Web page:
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U.S. audit finds lax aircraft parts oversight
29 February 2008

The U.S. DoT’s Office of Inspector General issued an assessment of the Federal Aviation Administration’s (FAA) oversight of aircraft manufacturers’ quality assurance systems for domestic and foreign aircraft part suppliers. Because aircraft and engine manufacturers are increasingly taking an international partnership approach to business, aircraft parts and component suppliers now produce significant parts of U.S.- and foreign- manufactured aircraft. Although aviation manufacturers are ultimately responsible for the quality of their products, FAA’s Aircraft Certification Service personnel oversee manufacturers’ processes for ensuring that the products meet approved design specifications and are in a condition for safe operation.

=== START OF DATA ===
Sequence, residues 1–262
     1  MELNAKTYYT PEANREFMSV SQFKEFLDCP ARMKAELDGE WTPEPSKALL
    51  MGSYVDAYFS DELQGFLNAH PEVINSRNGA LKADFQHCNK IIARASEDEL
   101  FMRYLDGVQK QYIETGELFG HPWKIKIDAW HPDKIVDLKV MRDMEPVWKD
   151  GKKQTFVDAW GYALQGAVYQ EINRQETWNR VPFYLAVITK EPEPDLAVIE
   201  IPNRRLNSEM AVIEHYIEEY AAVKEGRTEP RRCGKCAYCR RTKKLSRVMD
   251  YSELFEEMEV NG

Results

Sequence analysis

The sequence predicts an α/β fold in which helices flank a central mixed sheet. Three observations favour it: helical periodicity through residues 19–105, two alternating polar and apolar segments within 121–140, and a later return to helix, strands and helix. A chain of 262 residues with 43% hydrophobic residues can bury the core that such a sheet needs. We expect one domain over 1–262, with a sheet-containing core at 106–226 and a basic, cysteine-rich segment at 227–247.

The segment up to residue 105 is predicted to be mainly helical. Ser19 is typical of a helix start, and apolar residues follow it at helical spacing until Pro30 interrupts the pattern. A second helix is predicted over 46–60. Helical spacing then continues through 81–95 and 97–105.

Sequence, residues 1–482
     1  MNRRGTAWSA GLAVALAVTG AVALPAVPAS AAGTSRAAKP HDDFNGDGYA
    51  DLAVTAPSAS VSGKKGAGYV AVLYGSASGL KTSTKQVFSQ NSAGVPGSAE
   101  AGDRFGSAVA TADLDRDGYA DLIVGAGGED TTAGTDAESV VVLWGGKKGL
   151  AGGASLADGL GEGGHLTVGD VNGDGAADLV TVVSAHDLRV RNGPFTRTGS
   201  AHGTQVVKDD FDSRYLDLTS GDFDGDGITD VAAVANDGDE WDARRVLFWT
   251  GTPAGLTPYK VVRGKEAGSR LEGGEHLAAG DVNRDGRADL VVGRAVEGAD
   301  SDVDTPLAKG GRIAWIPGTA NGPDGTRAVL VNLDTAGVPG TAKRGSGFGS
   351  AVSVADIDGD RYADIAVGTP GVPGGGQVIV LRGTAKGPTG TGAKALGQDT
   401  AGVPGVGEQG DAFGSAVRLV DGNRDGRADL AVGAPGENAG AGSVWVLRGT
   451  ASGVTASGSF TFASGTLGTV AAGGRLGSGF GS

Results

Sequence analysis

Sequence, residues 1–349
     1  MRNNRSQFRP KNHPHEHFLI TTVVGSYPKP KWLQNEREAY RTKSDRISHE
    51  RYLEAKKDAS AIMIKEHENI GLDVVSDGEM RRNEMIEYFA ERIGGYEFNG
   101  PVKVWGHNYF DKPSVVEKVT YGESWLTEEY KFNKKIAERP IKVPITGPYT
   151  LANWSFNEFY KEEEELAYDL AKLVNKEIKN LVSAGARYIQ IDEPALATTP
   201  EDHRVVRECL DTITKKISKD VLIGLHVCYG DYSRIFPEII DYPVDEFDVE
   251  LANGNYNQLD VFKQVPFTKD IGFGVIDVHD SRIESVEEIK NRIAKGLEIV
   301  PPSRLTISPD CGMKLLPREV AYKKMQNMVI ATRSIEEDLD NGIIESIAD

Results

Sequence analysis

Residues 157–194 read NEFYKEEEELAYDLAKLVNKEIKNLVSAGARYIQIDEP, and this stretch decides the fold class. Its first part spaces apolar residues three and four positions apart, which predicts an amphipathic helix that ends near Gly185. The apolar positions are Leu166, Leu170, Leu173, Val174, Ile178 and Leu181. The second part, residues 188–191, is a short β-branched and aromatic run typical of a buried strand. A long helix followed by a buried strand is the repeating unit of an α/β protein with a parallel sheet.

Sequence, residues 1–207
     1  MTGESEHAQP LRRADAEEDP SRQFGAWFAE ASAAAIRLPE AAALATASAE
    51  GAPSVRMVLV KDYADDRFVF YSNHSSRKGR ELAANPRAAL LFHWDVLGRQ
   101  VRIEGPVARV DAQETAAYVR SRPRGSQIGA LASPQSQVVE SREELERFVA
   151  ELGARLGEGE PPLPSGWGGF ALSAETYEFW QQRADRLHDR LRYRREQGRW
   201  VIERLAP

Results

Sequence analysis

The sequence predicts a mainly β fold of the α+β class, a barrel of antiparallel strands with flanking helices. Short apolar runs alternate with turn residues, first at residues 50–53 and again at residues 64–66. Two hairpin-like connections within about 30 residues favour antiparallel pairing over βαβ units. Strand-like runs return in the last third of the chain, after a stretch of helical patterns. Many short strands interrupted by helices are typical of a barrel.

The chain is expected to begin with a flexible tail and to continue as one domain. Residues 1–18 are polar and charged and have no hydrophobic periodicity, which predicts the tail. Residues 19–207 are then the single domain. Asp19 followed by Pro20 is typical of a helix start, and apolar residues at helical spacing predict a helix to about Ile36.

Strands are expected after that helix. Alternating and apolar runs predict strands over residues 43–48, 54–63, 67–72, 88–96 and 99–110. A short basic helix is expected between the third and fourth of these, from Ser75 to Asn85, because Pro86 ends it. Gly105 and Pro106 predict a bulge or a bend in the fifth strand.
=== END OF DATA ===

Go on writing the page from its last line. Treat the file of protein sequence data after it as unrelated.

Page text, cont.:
The Office of Inspector General found that FAA’s risk-based oversight system for suppliers needs improvement as it does not consider the degree to which manufacturers now use suppliers to make aviation products. Specifically, (1) FAA has not ensured that manufacturers are providing oversight of their suppliers, (2) FAA does not require inspectors to perform enough audits of suppliers to determine how well manufacturers’ quality assurance systems are working, and (3) the systemic deficiencies we identified at 21 supplier facilities indicate that both manufacturers and FAA need to strengthen their oversight of these facilities.
It was recommended that the FAA focuses on: requiring manufacturers to establish criteria for conducting on-site (initial and periodic) supplier audits, assessing risks at suppliers that produce flight-critical parts, ensuring objectivity and consistency in inspectors’ risk assessments of manufacturers, correlating the number of inspector audits with the number of suppliers a manufacturer uses, and enhancing inspector training. (OIG)